Use the Twitter bio to your advantage and filter by terms that you are interested in. eg: CEO, Marketing, Maker…
Also, another important key factor that will impact the follow-back ratio is who is following the accounts that you would follow.
Point to those accounts that are already following your competitors.
They will be educated in your product/service and feel more attracted to follow you back.
As you may notice, the filtering factors add difficulty to the following strategy and will push you to assign valuable time to perform it.
Use our free 10-day trial period and get the most out of our Twitter marketing tool.
Why having a high follow back ratio is important
Now, you are here to improve the follow-back ratio and get more followers on Twitter.
That means that as long as your follow-back ratio is higher, you’ll be attracting more followers.
BUT, remember that a high follow-back ratio doesn’t mean a higher quality of your audience.
What’s the bottom line? You have to work together quantity and quality to attract a real and targeted audience on Twitter.
Twitter Follow Back Ratio Average
We know you want to compare your follow-back ratio with the rest of the universe, but at this point in this post, we didn’t mention anything about industry averages.
Fact: we couldn’t find a decent scientific-oriented study about Twitter follow back ratio, but we will present to you the averages of our customers so you can have a sense if you are on the right track or not.
We’ll cut to the chase, here you have the data based on a study of the follow back ratio of our customers:
Highest Follow Back Ratio: 37.95%
Average Follow Back Ratio: 13.72%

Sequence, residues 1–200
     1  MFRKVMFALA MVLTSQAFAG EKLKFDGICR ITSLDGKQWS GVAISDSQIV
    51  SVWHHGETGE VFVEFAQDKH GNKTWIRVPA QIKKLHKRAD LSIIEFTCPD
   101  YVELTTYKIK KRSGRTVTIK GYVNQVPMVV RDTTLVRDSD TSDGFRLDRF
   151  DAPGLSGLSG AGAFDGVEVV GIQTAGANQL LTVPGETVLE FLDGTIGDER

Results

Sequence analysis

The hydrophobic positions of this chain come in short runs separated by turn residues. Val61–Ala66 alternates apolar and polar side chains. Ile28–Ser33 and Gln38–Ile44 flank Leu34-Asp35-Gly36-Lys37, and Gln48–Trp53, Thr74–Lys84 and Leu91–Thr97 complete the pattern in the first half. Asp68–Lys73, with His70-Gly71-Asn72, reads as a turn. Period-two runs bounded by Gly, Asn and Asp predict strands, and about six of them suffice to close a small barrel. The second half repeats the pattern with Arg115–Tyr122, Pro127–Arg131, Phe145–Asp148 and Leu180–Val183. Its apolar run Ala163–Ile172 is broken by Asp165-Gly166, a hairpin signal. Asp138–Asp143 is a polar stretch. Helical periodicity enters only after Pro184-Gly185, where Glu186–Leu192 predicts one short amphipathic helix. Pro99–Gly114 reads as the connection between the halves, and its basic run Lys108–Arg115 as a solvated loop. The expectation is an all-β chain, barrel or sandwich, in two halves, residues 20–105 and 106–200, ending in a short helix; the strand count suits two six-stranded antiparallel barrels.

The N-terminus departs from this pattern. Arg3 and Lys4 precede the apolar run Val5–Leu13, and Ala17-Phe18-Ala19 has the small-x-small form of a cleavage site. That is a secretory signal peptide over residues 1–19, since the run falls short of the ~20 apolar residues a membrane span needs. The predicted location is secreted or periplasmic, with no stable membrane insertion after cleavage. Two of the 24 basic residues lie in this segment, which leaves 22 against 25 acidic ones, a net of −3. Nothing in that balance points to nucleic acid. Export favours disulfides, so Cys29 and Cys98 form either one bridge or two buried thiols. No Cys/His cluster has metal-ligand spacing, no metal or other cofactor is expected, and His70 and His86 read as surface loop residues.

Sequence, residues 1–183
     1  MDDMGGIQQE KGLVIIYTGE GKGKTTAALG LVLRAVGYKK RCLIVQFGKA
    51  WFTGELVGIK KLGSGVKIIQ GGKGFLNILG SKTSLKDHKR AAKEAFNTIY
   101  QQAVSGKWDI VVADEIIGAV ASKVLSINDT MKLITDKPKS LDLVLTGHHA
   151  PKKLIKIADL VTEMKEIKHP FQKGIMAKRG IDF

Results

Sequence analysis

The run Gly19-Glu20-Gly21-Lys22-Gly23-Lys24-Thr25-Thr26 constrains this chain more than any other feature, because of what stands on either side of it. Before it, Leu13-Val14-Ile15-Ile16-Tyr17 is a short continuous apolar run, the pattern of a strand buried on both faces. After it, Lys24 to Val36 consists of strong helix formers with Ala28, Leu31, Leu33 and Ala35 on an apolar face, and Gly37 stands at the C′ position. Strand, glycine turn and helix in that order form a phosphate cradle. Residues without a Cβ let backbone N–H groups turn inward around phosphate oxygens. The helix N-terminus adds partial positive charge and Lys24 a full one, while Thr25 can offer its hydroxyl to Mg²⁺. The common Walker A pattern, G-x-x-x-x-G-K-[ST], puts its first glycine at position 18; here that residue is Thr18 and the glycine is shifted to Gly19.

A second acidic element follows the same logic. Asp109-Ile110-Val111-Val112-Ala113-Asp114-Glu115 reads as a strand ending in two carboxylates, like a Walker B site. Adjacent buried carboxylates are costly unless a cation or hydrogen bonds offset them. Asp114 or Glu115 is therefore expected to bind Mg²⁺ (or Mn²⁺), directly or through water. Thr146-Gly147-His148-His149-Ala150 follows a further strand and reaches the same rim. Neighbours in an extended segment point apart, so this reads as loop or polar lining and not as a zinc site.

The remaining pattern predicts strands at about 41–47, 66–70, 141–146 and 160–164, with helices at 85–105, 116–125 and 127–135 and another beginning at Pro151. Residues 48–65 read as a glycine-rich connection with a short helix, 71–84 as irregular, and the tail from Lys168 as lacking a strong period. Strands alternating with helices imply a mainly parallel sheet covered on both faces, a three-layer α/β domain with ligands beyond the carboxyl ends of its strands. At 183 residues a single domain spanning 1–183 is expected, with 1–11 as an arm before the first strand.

Lowest Follow Back Ratio: 2.17%
As you can see there is plenty of room between the lowest and the highest and that’s because the factors that determine the follow back ratio (described above) are several.
Want some quick advice based on this data and our experience?
Follow Back Ratio < 5%
Re-think everything: from your profile picture to your tweets and also your filtering criteria.
But, mostly focus on On-profile factors to make your account look valuable to follow.
Compare your Twitter account with leaders of your industry, inspire yourself with their approach.
5% < Follow Back Ratio < 10%
You are still under the average.
Focus on your Filtering Factors until you reach at least the average.
10% < Follow Back Ratio < 20%
You are in a good place now, the improvements you can make from now on in your follow back ratio will start to be marginal.
Start to focus on your content and keep testing different audiences when following: followers from different competitors, different keywords in bio, localization.
Follow Back Ratio > 20%
Well, you are in the top tier! Well done!
Now the improvements to your follow back ratio will definitely be marginal.
After you reach this point, is it better to put your entire effort into crafting some fuck*ng good content!
Your growth hacking strategy is working like a charm!